Wednesday, March 30, 2011
The 5th (and last?) Commissario Trotti novel
The place of Timothy Williams in the crime fiction world was recently attested to by his inclusion in a lit of the top ten European crime writers in The Guardian (yet he's surely the least well known name in the list). I haven't yet read his series set in Guadaloupe (and so far published only in French, though there's a rumor of publication by Soho Crime), but his Commissario Trotti series is perhaps the best of the distinguished crop of non-Italian crime fiction writers whose work is set in Italy, a literary generation that includes Donna Leon, Magdalen Nabb, and Michael Dibdin.
All of these writers share a jaundiced yet appreciative view of Italy: dismayed by the politics and seduced by the culture. But Williams digs deeper into the real social and historical background, from the "years of lead" and the kidnapping of Moro through a series of scandals in government and church, as well as campaigns against corruption, leading to the "mani pulite" years of the '90s, which is the background of Big Italy, the fifth and last-published of the Trotti novels. In all cases, the big, historical events are filtered through the lens of small, local events and people, accenting the impact of social patterns on the daily life of individuals.
That all sounds dry and stuffy, and the novels are anything but. As with all the books, Big Italy progresses mostly through the often oblique dialogue of the Commissario and his associates and the suspects. The effect is frequently both frustrating and comic, as well as reinforcing the overall sense that what is really going on remains resolutely below the surface of events.
Trotti gets two requests from current and former associates, both of which he refuses. One is from a former colleague, now a private detective who watches too many TV detective shows, who asks for his help in solving a cold murder case, a doctor murdered as he walked from his house one morning. The other request is from his boss, the questore, and from a social worker that Trotti once recruited to assist in the investigation of child molestation; they want the Commissario to reconsider his retirement plans and to take charge of a new "special victims" unit for the protection of children.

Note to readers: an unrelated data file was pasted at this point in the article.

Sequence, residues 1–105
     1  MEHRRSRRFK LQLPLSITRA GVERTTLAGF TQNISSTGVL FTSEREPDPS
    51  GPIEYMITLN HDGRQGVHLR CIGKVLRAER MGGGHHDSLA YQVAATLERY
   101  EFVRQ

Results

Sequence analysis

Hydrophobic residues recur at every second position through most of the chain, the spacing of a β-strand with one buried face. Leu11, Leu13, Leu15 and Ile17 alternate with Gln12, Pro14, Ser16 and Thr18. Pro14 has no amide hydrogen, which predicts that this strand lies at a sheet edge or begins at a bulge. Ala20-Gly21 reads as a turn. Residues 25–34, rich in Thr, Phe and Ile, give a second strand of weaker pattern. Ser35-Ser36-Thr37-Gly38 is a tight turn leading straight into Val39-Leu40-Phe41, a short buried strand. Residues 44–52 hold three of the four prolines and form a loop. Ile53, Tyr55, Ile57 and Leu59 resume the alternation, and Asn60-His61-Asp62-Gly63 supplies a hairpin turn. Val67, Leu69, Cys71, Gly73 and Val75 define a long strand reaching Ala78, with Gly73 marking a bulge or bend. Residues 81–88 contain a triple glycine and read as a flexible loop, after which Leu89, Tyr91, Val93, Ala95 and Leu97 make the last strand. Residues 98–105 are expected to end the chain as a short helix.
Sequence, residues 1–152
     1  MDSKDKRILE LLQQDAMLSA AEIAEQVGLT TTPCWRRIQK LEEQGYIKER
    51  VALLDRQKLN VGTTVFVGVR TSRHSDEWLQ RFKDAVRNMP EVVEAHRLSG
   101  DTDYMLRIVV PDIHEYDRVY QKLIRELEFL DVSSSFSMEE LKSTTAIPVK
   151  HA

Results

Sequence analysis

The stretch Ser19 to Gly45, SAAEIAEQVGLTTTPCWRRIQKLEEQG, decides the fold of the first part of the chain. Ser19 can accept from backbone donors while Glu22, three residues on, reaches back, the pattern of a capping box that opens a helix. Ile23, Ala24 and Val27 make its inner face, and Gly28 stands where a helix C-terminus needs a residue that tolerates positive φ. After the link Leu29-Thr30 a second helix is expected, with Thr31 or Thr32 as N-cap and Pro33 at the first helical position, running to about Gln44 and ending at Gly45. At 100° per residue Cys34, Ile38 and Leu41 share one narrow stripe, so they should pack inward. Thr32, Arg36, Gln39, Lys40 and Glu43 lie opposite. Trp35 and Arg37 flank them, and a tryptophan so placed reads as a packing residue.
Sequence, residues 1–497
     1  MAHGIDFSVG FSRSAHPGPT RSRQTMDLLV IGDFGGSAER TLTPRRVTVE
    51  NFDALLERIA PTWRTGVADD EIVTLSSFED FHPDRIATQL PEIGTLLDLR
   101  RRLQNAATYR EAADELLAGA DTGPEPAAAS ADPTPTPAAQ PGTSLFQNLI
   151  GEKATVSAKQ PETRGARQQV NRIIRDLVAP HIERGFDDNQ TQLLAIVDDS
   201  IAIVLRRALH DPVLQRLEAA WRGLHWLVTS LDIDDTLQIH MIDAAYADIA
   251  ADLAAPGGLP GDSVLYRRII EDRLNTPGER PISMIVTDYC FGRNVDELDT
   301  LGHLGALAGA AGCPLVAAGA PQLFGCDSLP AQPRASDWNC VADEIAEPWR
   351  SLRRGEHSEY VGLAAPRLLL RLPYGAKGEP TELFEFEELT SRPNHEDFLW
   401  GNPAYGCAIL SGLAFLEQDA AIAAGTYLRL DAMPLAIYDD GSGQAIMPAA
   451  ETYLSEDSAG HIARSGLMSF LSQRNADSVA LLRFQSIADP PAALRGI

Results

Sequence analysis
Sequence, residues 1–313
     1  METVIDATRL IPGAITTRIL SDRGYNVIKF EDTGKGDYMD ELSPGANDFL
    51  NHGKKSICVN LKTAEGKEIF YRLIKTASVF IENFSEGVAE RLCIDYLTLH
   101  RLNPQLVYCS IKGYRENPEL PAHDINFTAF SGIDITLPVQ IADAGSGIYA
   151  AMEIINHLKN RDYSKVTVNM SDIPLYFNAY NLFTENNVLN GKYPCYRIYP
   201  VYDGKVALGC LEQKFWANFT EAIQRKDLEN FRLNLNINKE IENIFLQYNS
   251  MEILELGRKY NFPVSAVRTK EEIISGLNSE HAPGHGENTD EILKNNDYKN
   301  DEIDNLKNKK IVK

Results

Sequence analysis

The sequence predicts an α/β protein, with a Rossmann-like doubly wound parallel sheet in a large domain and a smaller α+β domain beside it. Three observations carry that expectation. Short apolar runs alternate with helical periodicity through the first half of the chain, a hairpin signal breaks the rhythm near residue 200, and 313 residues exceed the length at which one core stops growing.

Things get more complicated when the private detective is himself murdered and no one wants Trotti to investigate. Two former colleagues (much abused by Trotti when they were working with him) come to his assistance (and are not well rewarded for their cooperation), and local and national politics become implicated in the crimes and in the police as the story moves along (and the book's title, when explained, says a lot about Williams's targets in the series as a whole).
Big Italy has, like the other Trotti novels and most crime fiction set in Italy, a less-than-conclusive ending, without the absolute resolution of much mystery writing. But there's a note of hope in the ending: hope for the future of some of the individual characters and for the goals for which they had been striving, if not confidence in the future of the country as a whole. I hear that there's a sixth Trotti story as yet unpublished. I can wholeheartedly encourage readers who are interested in atypical, ambitious, and atmospheric crime writing to go out and find used copies of the five published Trotti novels, and then to pressure anyone they know in the publishing world to (first) bring them back into print and (second) give us all the chance to read the final episode in the series.